Big Data: Part-3 Intro to Hive

Deeksha Sharma
16 min readFeb 18, 2024

🥽What is Hive?

Hive is a query interface on top of Hadoop’s native MapReduce. Remember Hive is a data warehouse it is not an RDBMS!

Hive allows us to write SQL-style queries in a native language known as Hive Query Language (HQL).

🔦️Why do we need Hive?

In Hadoop we have our data stored in HDFS, and as I told you in the article Big Data: Part 1 MapReduce is used for processing that data. But there is a problem, the MapReduce framework needs a person who knows JAVA. So if you want to work with this HDFS data you should be a JAVA expert!

Facebook noticed this problem and in 2010, they invented Hive which lets you process this HDFS data(structured one) even if you don’t know JAVA.

HIVE execution engine converts the script written using HQL into Map-Reduce programs. These MapReduce programs are further converted to .JAR files and they work in the same way when executed as the MapReduce should have worked.

HIVE Reads data from HDFS. HIVE works with structured data in Hadoop.

An operation like left-inner join would need around 200–300 lines of code in JAVA Map-Reduce whereas in SQL it would be just a couple of lines of code. You can say to enable SQL Developers to exploit the power of Hadoop, an abstraction interface known as HIVE was developed on top of native MAp-Reduce.

📢Do Tables in Hive store Data?

In Hive Tables and Data are stored separately. Data is stored only in HDFS. Tables are just projected over that data of HDFS. Remember data is not stored in these tables of HIVE like we have in RDBMS!! Hive only stores the table’s schema information (table metadata) in its metastore which is borrowed from an RDBMS (derby is the default one). But in Production, Derby is replaced by Oracle, MSSQL as Derby is a single-user database.

The table metadata is stored separately from the data.

But few things that HIVE is not capable of doing effectively:-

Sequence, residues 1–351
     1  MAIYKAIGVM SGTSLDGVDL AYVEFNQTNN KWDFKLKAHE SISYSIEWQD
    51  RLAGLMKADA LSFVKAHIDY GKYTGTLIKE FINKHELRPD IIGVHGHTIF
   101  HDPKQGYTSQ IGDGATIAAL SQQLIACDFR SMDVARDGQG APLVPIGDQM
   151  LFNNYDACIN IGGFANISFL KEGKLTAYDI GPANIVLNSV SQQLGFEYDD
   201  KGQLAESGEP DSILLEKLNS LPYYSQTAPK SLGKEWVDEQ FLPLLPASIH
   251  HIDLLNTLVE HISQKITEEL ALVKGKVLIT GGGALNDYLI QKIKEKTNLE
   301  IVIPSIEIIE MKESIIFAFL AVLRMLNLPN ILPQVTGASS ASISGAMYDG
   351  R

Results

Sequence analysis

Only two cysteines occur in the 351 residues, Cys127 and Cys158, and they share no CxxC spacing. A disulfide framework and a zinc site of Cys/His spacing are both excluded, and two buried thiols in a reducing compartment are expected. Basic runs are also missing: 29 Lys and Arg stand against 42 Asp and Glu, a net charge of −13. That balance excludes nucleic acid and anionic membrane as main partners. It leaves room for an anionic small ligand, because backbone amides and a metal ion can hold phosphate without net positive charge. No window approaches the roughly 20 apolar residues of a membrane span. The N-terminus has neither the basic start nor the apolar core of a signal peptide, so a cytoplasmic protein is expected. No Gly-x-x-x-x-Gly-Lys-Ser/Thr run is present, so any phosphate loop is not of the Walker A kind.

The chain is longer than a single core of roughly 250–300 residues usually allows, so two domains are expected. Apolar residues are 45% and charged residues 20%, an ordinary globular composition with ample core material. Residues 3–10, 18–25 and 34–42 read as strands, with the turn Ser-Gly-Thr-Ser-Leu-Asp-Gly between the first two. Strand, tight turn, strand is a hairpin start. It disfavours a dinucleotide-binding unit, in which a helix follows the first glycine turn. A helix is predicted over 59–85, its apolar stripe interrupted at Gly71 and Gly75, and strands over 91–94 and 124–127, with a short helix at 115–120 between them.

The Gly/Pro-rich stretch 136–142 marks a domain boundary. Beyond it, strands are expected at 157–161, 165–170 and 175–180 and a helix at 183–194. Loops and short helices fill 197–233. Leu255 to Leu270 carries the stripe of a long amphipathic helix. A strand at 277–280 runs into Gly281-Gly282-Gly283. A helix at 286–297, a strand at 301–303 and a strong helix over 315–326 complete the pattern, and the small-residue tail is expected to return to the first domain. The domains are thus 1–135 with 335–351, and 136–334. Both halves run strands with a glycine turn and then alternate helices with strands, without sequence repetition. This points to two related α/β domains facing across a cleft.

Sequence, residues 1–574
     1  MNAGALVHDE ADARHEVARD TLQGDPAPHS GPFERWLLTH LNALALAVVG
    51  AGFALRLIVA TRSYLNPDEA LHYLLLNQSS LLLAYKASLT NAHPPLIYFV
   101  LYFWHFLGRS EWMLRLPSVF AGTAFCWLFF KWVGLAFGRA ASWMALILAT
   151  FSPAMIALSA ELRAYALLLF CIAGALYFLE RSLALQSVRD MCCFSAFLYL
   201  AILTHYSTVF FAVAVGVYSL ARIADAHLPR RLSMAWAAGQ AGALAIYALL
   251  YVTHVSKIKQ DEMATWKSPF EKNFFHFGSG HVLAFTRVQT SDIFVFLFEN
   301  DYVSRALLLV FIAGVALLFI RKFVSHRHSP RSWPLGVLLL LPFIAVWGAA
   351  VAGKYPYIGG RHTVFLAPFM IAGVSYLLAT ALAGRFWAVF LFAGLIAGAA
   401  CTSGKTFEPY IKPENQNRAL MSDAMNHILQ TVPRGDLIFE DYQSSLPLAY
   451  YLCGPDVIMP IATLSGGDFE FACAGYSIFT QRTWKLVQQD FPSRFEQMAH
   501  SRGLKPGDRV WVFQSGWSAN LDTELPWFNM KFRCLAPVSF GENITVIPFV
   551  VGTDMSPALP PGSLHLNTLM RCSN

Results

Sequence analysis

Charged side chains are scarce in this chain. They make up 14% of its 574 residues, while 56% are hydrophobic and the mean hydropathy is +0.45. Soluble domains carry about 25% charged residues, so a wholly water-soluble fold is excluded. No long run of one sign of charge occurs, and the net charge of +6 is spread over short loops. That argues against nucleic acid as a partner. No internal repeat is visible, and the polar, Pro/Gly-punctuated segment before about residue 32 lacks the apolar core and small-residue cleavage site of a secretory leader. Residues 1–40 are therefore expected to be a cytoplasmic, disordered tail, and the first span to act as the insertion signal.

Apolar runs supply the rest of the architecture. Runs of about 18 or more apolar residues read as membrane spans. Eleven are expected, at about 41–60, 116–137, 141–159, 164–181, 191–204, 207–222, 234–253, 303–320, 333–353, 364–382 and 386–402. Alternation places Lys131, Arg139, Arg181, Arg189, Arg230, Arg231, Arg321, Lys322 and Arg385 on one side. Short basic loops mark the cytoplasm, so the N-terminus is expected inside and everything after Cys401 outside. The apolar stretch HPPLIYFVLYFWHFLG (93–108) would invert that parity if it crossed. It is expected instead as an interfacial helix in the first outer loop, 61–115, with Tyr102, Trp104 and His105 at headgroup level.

🎤Adhoc Real-time queries (OLTP Transactions) →Hadoop is actually built for batch processing over large datasets so it should not be used for transactional queries.

🎤No ACID Support(Recently limited ACID support has been incorporated in HIVE).

🎤No suitable for frequent updates and inserts. These updates and inserts were allowed only in recent releases of HIVE.

🎤Not meant for unstructured data analysis.

🎶How to download Hive on Ubuntu machine

→ First start all daemons using start-all. sh in the terminal and then execute this:

sudo wget

→Secondly extract this tar file:

sudo tar xvzf apache-hive-3.1.3-bin.tar.gz

→Thirdly add the path in.bashrc file

sudo nano .bashrc
export HIVE_HOME= /home/hadoop/apache-hive-3.1.3-bin
export PATH=$PATH:$HIVE_HOME/bin

→Applying changes to .bashrc file

source ~/.bashrc

→Edit file to share where my Hadoop is lying.

sudo nano $HIVE_HOME/bin/
export HADOOP_HOME=/home/hadoop/hadoop-3.3.6

→Now create a tmp directory in HDFS to store temporary results of queries we will be running on Hive:

hdfs dfs -mkdir /tmp
hdfs dfs -chmod g+w /tmp
hdfs dfs -mkdir -p /user/hive/warehouse
hdfs dfs -chmod g+w /user/hive/warehouse

The directory warehouse will be used to store the table or data related to the hive in HDFS. The directory tmp is the location to store the intermediate result of processing.

→To configure hive with Hadoop we need to edit file. For this go to the conf folder:

cd apache-hive-3.1.3-bin/conf
sudo vim
export HADOOP_INSTALL=/home/hadoop/hadoop

→Now downloading Apache Derby


sudo tar xvzf db-derby- -C /home/hadoop
cd ..

→Setup the derby environment by appending the following lines to .bashrc file:-

export DERBY_HOME=/home/hadoop/db-derby-
export CLASSPATH=$CLASSPATH:$DERBY_HOME/lib/derby.jar:$DERBY_HOME/lib/derbytools.jar

source ~/.bashrc

→Create a directory named data in DERBY_HOME directory to store metadata:

sudo mkdir $DERBY_HOME/data

→Configuring Metastore →specifying to hive where the database is stored

cd $HIVE_HOME/conf
sudo cp hive-default.xml.template hive-site.xml
sudo vim hive-site.xml

Check if these configurations are present in it.

→Set permission to hive folder

sudo chown -R hadoop apache-hive-3.1.3-bin

→Metastore schema initialization

cd apache-hive-3.1.3-bin/bin
schematool -dbType derby -initSchema
now type hive in terminal and it will start

Note: Jdk-11 will be throwing errors on installing hive so make sure that you have jdk-8 with you

So, this completes the installation of the hive on the Ubuntu machine. Do follow each step and then you will be able to install it easily for sure. This is how your terminal will look once you are in a hive shell.

Hive Shell

🧠Working with Hive

To work with hive we first have to create a database and then have to navigate into that database.

create database DatabaseName;
show databases;
use DatabaseName;
quit; -->will get you out of hive shell
show tables;

#Creation of table in hive
create table emp(id int, name string, salary int)
> row format delimited
> fields terminated by ','
> stored as textfile;

#Loading the data into the table --> If the file is present in local file system
load data local inpath '/home/hadoop/hiveData/employees.txt' into table emp;

#If the file is present in hdfs
load data inpath '/home/hadoop/hiveData/employees.txt' into table emp;